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EU ministers give green light to ‘hard and tricky’ treaty talks

Today's meeting of the European Council, which adopted negotiating guidelines for talks on a UK/EU treaty for Gibraltar. Photo by European Council

The European Council on Tuesday adopted the bloc’s negotiating position for a UK/EU treaty on Gibraltar, clearing the way for negotiations that Chief Minister Fabian Picardo said would be “both hard and tricky”.

The EU said the aim of the talks was to negotiate a “broad and balanced agreement” that reflected the Rock’s unique circumstances “…without prejudice to the issues of sovereignty and jurisdiction.”

The mandate, which was the subject of weeks of technical talks between the European Commission and the Council, was approved last week by EU ambassadors and formally adopted during a Council meeting of EU economic and financial affairs ministers.

The final negotiating mandate has not been published, even though a draft of the document had been released earlier this year.

But all the indications are that a number of changes have been made to the draft position published by the European Commission in July.

The Chronicle understands the changes include a specific reference to the role of Frontex in the application of any Schengen checks inside Gibraltar.

The Commission’s draft position received a cold response from the UK and Gibraltar when it was published in July.

Both governments raised numerous concerns including the absence of any reference to Frontex, adding the draft went beyond what was agreed with Spain in the framework New Year’s Eve agreement.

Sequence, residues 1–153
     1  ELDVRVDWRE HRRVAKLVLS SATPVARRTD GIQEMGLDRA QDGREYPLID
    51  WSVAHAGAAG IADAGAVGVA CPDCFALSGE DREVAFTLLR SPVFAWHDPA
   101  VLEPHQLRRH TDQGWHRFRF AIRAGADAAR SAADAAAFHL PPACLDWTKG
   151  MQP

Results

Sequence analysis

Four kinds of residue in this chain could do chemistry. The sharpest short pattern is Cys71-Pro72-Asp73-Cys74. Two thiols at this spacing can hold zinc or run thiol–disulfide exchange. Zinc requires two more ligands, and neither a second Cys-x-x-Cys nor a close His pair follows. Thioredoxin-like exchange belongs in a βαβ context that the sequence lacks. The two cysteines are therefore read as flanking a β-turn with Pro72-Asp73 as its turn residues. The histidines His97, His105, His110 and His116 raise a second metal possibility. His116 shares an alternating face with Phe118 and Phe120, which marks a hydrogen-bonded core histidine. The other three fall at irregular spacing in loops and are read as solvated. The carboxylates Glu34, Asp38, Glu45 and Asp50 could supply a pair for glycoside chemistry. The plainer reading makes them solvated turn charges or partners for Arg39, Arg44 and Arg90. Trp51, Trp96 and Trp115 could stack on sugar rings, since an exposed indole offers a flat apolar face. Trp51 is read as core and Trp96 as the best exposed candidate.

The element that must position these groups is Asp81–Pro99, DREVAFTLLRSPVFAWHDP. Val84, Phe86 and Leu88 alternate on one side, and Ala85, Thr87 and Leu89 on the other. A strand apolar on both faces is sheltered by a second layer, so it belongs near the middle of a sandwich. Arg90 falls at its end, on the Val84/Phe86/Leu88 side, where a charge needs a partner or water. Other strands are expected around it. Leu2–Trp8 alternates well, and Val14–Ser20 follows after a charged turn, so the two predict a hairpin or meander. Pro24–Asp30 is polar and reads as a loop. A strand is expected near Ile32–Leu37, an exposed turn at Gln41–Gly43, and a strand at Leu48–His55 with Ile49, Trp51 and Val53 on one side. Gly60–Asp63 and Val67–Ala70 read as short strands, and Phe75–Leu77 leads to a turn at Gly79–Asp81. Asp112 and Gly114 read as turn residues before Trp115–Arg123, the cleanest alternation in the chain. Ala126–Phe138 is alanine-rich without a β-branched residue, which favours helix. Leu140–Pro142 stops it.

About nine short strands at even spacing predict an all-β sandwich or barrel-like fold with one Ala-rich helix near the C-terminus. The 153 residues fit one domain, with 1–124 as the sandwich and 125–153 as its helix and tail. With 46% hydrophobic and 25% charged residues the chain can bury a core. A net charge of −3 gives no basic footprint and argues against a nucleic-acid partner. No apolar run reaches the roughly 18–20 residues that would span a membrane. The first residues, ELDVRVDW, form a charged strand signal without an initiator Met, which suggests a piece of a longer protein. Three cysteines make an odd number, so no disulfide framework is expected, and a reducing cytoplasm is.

“The Council today adopted a decision authorising the opening of negotiations for an EU-UK agreement in respect of Gibraltar, as well as the negotiating directives,” the Council said in a statement confirming the adoption of the mandate.

“On this basis, the European Commission can now begin formal negotiations with the United Kingdom in respect of Gibraltar.”

“The aim of the negotiations is to establish a broad and balanced agreement between the EU and the UK in respect of Gibraltar in view of the particular geographical situation and specificities of Gibraltar.”

“The envisaged agreement between the EU and the UK in respect of Gibraltar should be without prejudice to the issues of sovereignty and jurisdiction.”

Gibraltar’s Attorney General, Michael Llamas, said last week that negotiations could commence as soon as this month, although a timetable has yet to be published.

Reacting to the development, the Gibraltar Government said it remained “firmly committed’ to a treaty based on the political framework in the New Year’s Eve Agreement and would continue to work constructively towards that objective.

But it added too that if a treaty is not possible, preparations would continue in parallel to mitigate some of the effects of a no negotiated outcome.

“Undoubtedly, the key issue in this negotiation will be the inviolate preservation of our sovereignty, jurisdiction and control in every respect,” said Chief Minister Fabian Picardo.

“We will work hand in glove with the United Kingdom on all matters relating to this negotiation and look forward to seeing the huge amount of preparatory work we have done together these past ten months now come to fruition.”

“This was already one of the key issues I discussed with the new Foreign Secretary, Rt Hon Liz Truss, on Sunday and I know that both our teams work brilliantly together in defence of the wishes and interests of British Gibraltar.”

“The Gibraltar Government’s core team alongside me will be the Deputy Chief Minister Dr Joseph Garcia, the Attorney General Michael Llamas and the Financial Secretary Albert Mena on economic matters.”